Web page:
"It appeared to be a camouflage, an eye wash to meet the requirements of the International Cricket Council (ICC) and to show the world that there is democracy here. It’s sad to state but we have lost confidence in the system…
The minister of sport is likely to extend their term. But only if they change Sri Lanka’s domestic cricket structure.
“Give me the impending changes in the cricket structure and I will give you the promised four year term”. This is the message that Sports Minister Mahindananda Aluthgamage has for Sri Lanka Cricket officials. “I have nothing against any individuals in the cricket administration, but, we find that the prevailing system in the country is wrong. We want that changed,” the minister said.
In comes former ICC CEO Haroon Lorgat — paid a handsome sum to suggest changes to the domestic cricket structure and administration. Lorgat’s ‘independent’ recommendations will help SLC officials in the event clubs, who currently have voting rights, oppose any changes that will make them redundant in the voting process and take the matter to court. His recommendations will most likely take away the voting rights of clubs and ensure the domestic structure conforms to a TV-friendly tournament to fall in line with commitments made and contracts signed with Somerset Entertainment Ventures who have been handed rights to conduct the domestic provincial T20, one-day and first-class tournaments.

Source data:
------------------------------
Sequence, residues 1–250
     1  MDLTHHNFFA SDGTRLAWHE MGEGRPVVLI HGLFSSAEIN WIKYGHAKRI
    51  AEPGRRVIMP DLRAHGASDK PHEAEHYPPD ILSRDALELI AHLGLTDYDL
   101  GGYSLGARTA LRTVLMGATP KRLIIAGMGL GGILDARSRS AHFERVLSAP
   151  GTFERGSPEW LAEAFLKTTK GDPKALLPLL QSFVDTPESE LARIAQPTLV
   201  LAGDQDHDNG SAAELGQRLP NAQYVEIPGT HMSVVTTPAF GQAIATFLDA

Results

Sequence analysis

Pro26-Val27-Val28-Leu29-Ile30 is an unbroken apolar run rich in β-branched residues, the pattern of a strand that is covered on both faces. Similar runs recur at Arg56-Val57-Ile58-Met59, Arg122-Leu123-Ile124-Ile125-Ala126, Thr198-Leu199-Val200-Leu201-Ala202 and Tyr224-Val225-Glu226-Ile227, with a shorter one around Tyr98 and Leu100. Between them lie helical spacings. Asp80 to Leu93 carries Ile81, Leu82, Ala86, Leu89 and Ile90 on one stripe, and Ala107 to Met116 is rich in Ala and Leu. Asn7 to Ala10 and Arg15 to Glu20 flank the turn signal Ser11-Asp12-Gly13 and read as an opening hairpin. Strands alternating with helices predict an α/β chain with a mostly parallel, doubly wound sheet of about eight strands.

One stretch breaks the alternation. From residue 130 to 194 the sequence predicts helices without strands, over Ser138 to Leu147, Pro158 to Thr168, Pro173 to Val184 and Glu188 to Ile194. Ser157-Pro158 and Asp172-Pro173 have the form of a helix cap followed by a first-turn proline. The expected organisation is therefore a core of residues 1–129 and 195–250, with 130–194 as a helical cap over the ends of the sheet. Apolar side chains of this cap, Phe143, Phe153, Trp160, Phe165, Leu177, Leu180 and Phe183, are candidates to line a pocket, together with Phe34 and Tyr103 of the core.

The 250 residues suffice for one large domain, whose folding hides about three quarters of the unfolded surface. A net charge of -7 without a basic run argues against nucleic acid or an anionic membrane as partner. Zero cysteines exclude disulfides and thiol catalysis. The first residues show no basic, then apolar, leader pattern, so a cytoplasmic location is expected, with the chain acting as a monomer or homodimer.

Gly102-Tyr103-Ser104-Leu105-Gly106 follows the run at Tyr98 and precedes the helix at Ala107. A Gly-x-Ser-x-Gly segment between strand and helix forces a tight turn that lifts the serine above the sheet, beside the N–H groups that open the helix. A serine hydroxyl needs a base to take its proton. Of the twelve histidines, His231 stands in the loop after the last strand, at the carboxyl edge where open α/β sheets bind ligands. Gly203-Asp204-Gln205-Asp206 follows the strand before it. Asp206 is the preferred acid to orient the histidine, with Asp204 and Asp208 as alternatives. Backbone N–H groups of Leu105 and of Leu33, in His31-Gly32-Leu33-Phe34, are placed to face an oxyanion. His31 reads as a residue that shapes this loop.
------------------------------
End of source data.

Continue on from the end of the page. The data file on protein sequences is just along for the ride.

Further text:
Sri Lanka Cricket (SLC) has appointed Haroon Lorgat, the former ICC chief executive, as a special advisor to help the board revamp its domestic cricket structure and improve the administration of cricket in the country. Lorgat will work with SLC until October 31, 2012.
It is hard to believe that these changes are being made with the best interests of our cricket in mind. Given their track record, it is understandable that many view this administration’s every move with scepticism.
We should be content with whatever results our team achieves, and not be aiming too high, because they continue to be hindered by a board that comprises of individuals who are merely in place for the benefit of politicians, to fulfil their agendas, not for the development of our sport or for the benefit of our cricketers.
If the cricket board was governed by qualified and capable indviduals, the cricketers would not be stressing about their wages. If the selection panel consisted of independent full-time selectors, preferably former players, working to a well defined selection policy, we would see more talent being spotted and more youth being injected into the squad to prepare for the retirement of seniors.
The full impact of years of government meddling in our cricket has not yet been felt.